Severe testing, climate models and climate model projections
The remaining approach to assessing scientific claims that we will discuss is the severe testing approach. The idea behind the severe testing approach is that the deliberate search for error is the way to get to the truth. Thus, on this approach, we should assess scientific claims on the basis of how well they have withstood severe testing or probing of their weaknesses .
According to Popper, an empirical test of a theory or model is severe to the extent that background knowledge tells us that it is improbable that the theory or model will pass the test. Background knowledge consists in established theories or models other than those being tested.
A crucial difference between the severe testing approach and the approaches pursued by WG1 AR4 is that the severe testing approach never allows mere agreement, or increased agreement, with observations to count in favor of a claim. That simulation of observed phenomena has been successful does not tell us how unexpected the data are and thus how severely the data have tested our claims. If, for example, the successful simulation is the result of tuning, then the success is not improbable, no severe test has been carried out and no increased confidence in model fitness for purpose is warranted. Notice, however, that the fact that claims are tested against in-sample data is not itself supposed to be problematic as long as the data does severely test the claims. Another crucial difference between the severe testing approach and those pursued by WG1 AR4 is that the severe testing approach is not probabilistic. The degree to which a set of claims have withstood severe tests, what Popper calls their degree of corroboration, is not a probability.
How might one apply a (Popperian) severe testing approach to assessing projection quality? What we need, from a severe testing perspective, is a framework that assigns a degree of corroboration to a CMP, p, as a function of how well the model (or ensemble of models), m, which generated p has withstood severe tests of its fitness for the purpose of doing so. Such severe tests would consist in examining the performance of some of those of m’s predictions the successes of which would be both relevant to assessing m’s fitness for the purpose of generating p and improbable in light of background knowledge. Assessing, for example, a GCM’s projection of 21st century GMST would involve assessing how well the GCM performs at severe tests of relevant predictions of 20th century climate and/or paleoclimate. That is it would involve assessing how well the GCM performs at simulating relevant features of the climate system that we expect will seriously challenge its abilities. A relevant prediction will be one the accuracy of which is indicative of the accuracy of the projection of 21st century GMST. Examples of relevant features of the climate the accurate simulation of which will be a challenge to IPCC-AR5 models are the effects of strong ENSO events on the GMST, effects of Atlantic sea surface temperature variations (associated with the MOC) on the GMST and special aspects of the GMST such as its late 30s and early 40s positive trends. That these data will challenge IPCC- AR5 models is suggested by the difficulty CMIP3 models have in adequately 1359 simulating them.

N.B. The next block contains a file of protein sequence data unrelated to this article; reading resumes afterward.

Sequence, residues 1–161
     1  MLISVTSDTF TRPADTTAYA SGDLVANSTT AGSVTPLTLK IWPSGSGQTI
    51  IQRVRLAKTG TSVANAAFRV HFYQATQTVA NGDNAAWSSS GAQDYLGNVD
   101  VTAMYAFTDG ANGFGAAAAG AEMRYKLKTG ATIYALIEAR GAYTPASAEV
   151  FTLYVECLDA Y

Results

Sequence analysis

How might the severe testing approach help us with the difficulties involved in assessing projection quality? The severe testing approach allows us to bypass any worries we might have about tuning since it only counts success that does not result from tuning, success that surely does exist, in favor of CMPs. The severe testing approach can thus, at least, be used as a check on the results of approaches that do not take tuning into account. If, for example, the subjective Bayesian approach assigns a high probability to a projection and the severe testing approach gives the projection a high degree of corroboration, we can at least have some assurance that the probabilistic result is not undermined by tuning.
Underdetermination in choice between parameters/available parameterization schemes might also be addressed by the severe testing approach. Substituting different parameterization schemes into a model might result in varying degrees of corroboration, as might perturbing the model’s parameter settings. Where such variations exist, they allow ranking model fitness for purpose as a function of parameter settings/parameterization schemes. Similarly, degrees of corroboration can be used to rank fitness for purpose of models with different structures. The resulting assessment has, like assessment in terms of real possibilities, the advantage that it is less demanding than probabilistic assessment or assessment that is in terms of truth or approximate truth. Ranking two CMPs as to their degrees of corroboration, for example, only requires comparing the two CMPs. It does not require specifying the full range of alternatives to the CMPs. Nor does it require that we take some stand on how close the CMPs are to the truth, and thus that we take a stand on the effects of unknown structural inadequacy on CMP accuracy. Popper’s view is that a ranking in terms of degrees of corroboration only provides us with a ranking of our conjectures about the truth. The most highly corroborated claim would thus, on this suggestion, be our best conjecture about the truth. Being our best conjecture about the truth is, in principle, compatible with being far from the truth.
JC comments: While many of these topics have been covered previously at Climate Etc.,
- Probabilistic(?) estimates of climate sensitivity
- Should we assess climate models in light of severe tests?
- Scenario falsification
- The culture of building confidence in climate models
I like this paper because it provides an integrated framework for assessing climate model projection quality. The IPCC has been mostly relying on confidence building, subjective Bayesian and likelihood methods. Of these, confidence building is a keeper (especially if it includes formal verification and validation), and this should be supplemented by possibilist and extreme testing approaches. The combination of possibilist and extreme testing approaches provides the basis for scenario falsification, which is an approach that I have been arguing for.
Moderation note: This is a technical thread and comment will be moderated for relevance.